Can the World Handle the World’s Cheapest Car?

Today the Streetsblog Network takes us to India, where some fear the recent launch of the highly-anticipated $2,000 Tata Nano — a.k.a. the "world’s cheapest car" — will wreak havoc on the environment and already crowded public spaces. Hard Drive has the story: 

medium_tata_nano_1.jpg.jpegPhoto via Hard Drive

India’s middle class is on the rise, as is the desire to ape Western commercialism. As a result, many people still see a car ownership as a point of pride, a symbol of individual progress, despite growing problems with air quality and gridlock.

On a recent trip to India, the manager of a tire company told me many of his neighbors were putting their names into a Nano lottery to be the first to own their first car. That worried him. "The roads are beyond capacity now," he said. "How will they hold millions of more cars?"

Earlier this week, Tata Motors announced its intent to expand into European and US markets. Said company chair Ratan Tata: "This was never conceived as the cheapest car, but as providing transport to those people who never owned a car." You’ve been warned.

Also on the Network: Hub and Spokes reflects on keeping cities like New York affordable; Portland Transport looks into a new transit-timing tool from the makers of Walk Score; a study cited by Bicycle Fixation reveals that bike lanes are good for business; Cap’n Transit checks up on the Red Hook Tunnel Bus; and more. 

  • It is time for India to take seriously the famous quotation from Gandhi: “Live simply that others simply may live.”

    Needless to say, it is long, long past time for Americans to take seriously that same idea.

  • prashant

    actually u r missing the point…. instead of barring people from owning a car we should focus on using more fuel efficient cars… nano is not only cheapest it is one of the most fuel efficient cars in the market.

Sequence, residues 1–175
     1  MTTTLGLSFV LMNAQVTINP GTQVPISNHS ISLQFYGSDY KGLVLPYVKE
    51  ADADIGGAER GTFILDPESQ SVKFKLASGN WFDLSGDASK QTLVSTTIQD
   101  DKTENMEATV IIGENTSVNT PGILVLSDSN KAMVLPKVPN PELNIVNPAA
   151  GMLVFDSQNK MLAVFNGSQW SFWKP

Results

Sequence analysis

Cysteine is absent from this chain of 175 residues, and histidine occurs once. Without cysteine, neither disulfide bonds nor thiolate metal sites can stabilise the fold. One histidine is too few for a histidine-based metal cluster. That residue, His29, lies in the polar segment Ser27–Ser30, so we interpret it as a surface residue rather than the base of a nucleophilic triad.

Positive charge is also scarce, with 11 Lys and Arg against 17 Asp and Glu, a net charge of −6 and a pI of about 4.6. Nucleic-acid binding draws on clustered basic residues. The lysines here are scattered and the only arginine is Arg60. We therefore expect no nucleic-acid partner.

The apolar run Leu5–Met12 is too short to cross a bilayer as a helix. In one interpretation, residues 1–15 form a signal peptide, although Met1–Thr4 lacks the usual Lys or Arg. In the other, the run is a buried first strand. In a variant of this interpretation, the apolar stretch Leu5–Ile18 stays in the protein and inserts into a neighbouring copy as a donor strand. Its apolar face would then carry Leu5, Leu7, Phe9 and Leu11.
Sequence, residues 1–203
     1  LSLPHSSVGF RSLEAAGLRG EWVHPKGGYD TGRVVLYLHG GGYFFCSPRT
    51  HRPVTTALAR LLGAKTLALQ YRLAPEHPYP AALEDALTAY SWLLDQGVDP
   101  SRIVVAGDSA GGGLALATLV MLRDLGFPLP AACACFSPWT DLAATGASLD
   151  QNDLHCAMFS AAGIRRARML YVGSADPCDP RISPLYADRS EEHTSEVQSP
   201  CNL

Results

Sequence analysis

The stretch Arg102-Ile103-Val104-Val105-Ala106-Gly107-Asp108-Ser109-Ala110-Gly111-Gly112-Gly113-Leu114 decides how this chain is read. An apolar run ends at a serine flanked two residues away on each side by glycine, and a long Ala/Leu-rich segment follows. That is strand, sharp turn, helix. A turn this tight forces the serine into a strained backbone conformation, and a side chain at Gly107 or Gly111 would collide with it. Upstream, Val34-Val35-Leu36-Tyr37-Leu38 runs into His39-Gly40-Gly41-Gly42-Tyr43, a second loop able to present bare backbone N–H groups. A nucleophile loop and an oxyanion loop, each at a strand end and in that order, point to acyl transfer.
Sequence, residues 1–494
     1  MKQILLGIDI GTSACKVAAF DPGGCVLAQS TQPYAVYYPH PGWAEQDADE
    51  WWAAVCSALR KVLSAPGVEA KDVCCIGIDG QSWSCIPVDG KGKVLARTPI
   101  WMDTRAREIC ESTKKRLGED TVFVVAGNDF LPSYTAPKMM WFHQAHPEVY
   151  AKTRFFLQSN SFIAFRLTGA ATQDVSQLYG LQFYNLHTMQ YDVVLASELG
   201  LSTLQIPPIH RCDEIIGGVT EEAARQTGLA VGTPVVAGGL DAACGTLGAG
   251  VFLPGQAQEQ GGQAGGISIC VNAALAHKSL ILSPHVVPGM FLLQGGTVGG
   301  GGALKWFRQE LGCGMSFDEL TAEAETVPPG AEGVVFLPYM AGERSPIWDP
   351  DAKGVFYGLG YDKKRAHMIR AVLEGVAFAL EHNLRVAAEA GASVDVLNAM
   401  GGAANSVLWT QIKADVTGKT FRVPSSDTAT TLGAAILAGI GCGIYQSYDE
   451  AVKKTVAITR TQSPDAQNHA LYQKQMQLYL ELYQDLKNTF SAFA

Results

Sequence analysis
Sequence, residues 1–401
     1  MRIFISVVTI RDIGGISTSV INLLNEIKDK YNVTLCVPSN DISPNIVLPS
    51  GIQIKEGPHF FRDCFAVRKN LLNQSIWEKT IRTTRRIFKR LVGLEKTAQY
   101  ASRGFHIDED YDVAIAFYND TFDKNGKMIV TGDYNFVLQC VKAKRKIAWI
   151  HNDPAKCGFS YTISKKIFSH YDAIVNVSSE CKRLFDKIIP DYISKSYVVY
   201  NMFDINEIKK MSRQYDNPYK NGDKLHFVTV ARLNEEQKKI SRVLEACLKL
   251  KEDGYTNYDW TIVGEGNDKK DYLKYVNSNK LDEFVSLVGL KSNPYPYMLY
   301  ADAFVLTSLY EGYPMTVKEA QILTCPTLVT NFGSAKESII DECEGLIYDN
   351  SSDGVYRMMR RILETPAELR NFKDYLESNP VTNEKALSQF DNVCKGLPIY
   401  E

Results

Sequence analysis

so i guess time has come when instead of blaming nano.. americans should leave there worthless SUVs and fords and shift to NANO.
    coz nano is here to stay!

  • Fuel efficiency is not the problem, prashant. The fact that cars are driven at all. I believe it is you who is missing the point.

    Building a world for cars (as America has done for the last 50+ years) creates a need for more cars, creating a never ending cycle. If India starts building more roads, suburbs, etc to accommodate these NANOs – it will create a more car dependent India (hence the self-fulfilling prophecy).

    Once cars take over a neighborhood, city, state, country – turning back becomes very difficult (see 90% of America). While it is nice to see Indians have a chance at the “American Dream” and be lifted out of poverty, America has created an unreal goal for the rest of the world.

  • I’m afraid this might also start the trend of disposable car. In US, regular car maintenance can easily run into hundreds or over thousand or dollars per year. So after driving it for 2-3 years, the owner might ask if they want to pay for car maintenance? Or if they should just dump it for a new one? Pretty much like the rate you’d upgrade your iPod.


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